Running Injuries: Treatment and Prevention
by Vincent F. DeBono, DC, CSCS, National University of
"What the heck am I running for? Parts of my body that never
hurt before are killing me!"
Does this sound like you? Take comfort in knowing that you are
not alone. The majority of people who take up running for sport or
recreation have to deal with some kind of injury during their
training. As people become more active, their rate of injury
actually rises, but it is important to note that the recovery time
for active people is dramatically lower then people with sedentary
Common Running Injuries
Below are the two most common running injuries and what you can
do to prevent and treat them.
The plantar fascia is a thick fibrous band of tissue that
runs along the bottom of the foot from the heel to the base of the
toes. When it becomes inflamed (swollen) it is known a plantar
- Symptoms - Deep bruise-like pain at the base of the heel. The
pain is worse in the morning and at the beginning of the run. Pain
may fade as the fascia loosens.
- Causes - Occurs when plantar fascia is placed under too much
stress, which causes inflammation and tearing of the fascia. Tight
Achilles tendons, flat feet that overpronate, and rigid high arches
are susceptible to plantar fasciitis. Worn out shoes that allow
excessive overpronation or too stiff shoes may lead to plantar
- Treatment - Correct shoes and inserts may help alleviate pain.
Reduce running during acute periods and use ice and
anti-inflammatory therapies. If condition worsens or persists,
ultrasound and soft tissue stripping may be helpful as well as
custom made orthotics. Heel spurs are commonly found with plantar
fasciitis but surgery to remove the spur usually does not help. The
spur is not the problem but a reaction to the chronic stress the
plantar fascia places on its insertion at the heel.
- Prevention - Stretch calf muscles and Achilles tendon.
Strengthen by picking up marbles or golf balls or by scrunching up
a towel with your toes. Stretch plantar fascia with a tennis or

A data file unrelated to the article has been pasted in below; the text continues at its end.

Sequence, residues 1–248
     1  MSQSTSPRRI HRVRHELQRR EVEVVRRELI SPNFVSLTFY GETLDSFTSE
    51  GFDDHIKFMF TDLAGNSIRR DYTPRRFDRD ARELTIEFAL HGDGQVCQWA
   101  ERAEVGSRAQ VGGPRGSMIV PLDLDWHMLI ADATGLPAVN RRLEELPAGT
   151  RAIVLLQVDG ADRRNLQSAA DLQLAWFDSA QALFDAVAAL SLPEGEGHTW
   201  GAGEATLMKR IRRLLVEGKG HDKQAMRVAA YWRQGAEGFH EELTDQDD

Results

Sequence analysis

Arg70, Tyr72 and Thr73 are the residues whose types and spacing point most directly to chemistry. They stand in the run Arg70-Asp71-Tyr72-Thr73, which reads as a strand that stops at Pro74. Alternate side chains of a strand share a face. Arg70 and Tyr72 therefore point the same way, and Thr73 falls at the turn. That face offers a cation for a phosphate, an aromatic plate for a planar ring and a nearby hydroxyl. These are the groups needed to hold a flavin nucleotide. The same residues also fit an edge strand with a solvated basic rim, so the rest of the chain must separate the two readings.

golf ball and towel stretches. Make sure you have good shoes that
correct any overpronation problems.
The Achilles tendon is the large tendon that connects the calf
muscles to the heel. Persistent inflammation may lead to
- Symptoms -Dull or sharp pains along the course of the tendon,
usually close to the heel. Ankle motion is usually present. Nodules
can be felt over tendon and a crackling sound may be heard when the
- Causes - Tight or fatigued calf muscles. This causes the
Achilles tendon to handle most of the load while running. Excessive
speed work, hill running or increasing mileage too quickly can lead
to Achilles tendon inflammation. Inflexible running shoes and
overpronation may lead to Achilles tendonitis.
- Treatment - Rest with ice and anti-inflammatory therapies. If
injury does not respond to self-care, ultrasound over tendon along
with myofascial release and deep tendon friction massage may help.
If severe, surgery may need to be performed to remove scar tissue
from tendon. Resume easy running when toe raises are not
- Prevention - Stretch Achilles tendon before and after each run
using curbs. Strengthen and stretch muscles of lower extremity and
calf. Control pronation with motion control shoes. Take proper rest
intervals during training.
This article is for educational purposes only. Your physician
should assess all injuries. If you would like more information or
would like to schedule a consultation, contact Dr. DeBono at the
National University of Health Science Whole Health Center in Lombard,
IL, at 630-889-6513.